by Tom Rowe

A boy: small thighs, coat aged into feathers, walks
in through the cold. Undressing his wet clothes I find
breadcrumbs in the folds of skin. He unwinds the limbs
of an apple. Milk slips from his childish lilt.
I weep as he sucks the glass like an orphan. I bring him
my blankets and I bring his knees to his chest – lined
with a kiss – and imagine a strawberry lace cording the forks

of his bones to my flesh. The house has tempted the sweet
tooth of time to leave us untouched. A cake,
warm and heavy gestates in the oven and – he is a growing
boy – strange fluids are setting on the side. He tilts
them to check their strength, their weight, knowing
soon he shall eat. His polite smile takes
little to swallow and I return to the trunk arranged in neat

folds where the apron relishes a new role
after years of wanting. He soon learns all the ways
to say food and reels them off in a rhyme.
He says them in his sleep – filling my quilt –
and I learn the passing of time
runs from orange creams to strawberry dreams and days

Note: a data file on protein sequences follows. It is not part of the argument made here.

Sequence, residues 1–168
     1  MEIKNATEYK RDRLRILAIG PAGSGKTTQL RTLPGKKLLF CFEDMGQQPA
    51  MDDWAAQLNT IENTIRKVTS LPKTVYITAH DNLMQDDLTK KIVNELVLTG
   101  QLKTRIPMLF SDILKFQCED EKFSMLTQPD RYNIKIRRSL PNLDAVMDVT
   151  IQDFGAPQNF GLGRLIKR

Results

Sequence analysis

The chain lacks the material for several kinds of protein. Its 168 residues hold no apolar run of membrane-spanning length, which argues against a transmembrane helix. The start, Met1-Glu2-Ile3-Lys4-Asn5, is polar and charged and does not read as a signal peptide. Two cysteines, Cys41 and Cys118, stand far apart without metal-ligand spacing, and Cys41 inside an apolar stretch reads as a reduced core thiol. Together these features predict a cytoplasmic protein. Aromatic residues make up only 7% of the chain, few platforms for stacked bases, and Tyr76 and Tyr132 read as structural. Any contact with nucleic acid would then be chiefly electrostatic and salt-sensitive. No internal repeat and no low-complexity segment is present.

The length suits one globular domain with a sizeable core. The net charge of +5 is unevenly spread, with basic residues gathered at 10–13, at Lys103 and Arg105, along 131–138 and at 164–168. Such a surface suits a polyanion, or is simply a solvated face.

birth months like this. After a year, the black hole

of his empty mouth is the only sound.
Agape. On his birthday I stay up late to bake.
Hoarded sugar feels coarse and tempting between my aching palms.
I wake in the morning to only the birds and an empty platter tilted
so it shines in the sink. He is tearing chocolate flesh from chocolate arms
and smiling at me as he doesn’t even taste.
I spend the morning draped like a tea towel across the side, bound

by the oven timer. In the week he surpasses my height,
I learn to make a soufflé in seven minutes. He is kind.
He gives the two bites of mummy to make sure I never waste.
He says time moves too slowly when he is not eating. The silt
of his sleep is confessing things. A sister in a forest. Her taste.
A mother. A real mother. The breadcrumbs left behind.
I make bread and butter pudding and he spits to my face, the bite

of currants bruises my skin. The cupboards are becoming
barren. He tells me he is hungry and I give him my breakfast.
He laughs at the size and I tear the door panel off and the gingerbread
lasts him minutes. I dismantle the house. Unbuilt
it looks smaller. It will not be enough. He is a growing boy, my head
taunts. The cupboards are empty. His mouth is empty. This will not last.
My stomach is empty. Soon we are sitting with the forest around us looking

like the lid of a biscuit tin. I look to him and he is smiling. I make
a fire to keep him warm. Burn sugar he can eat in the morning.
The nights last like gobstoppers, holding the folds of his flesh
hearing the beating of his sleep. I run my hands, alive with guilt,
through his candyfloss hair. My boy. Our bodies melt into mesh.
His stomach dances with hunger. It is only me and him unwrapping
by the hiss of the cauldron. By morning, only one and his mouth. Agape.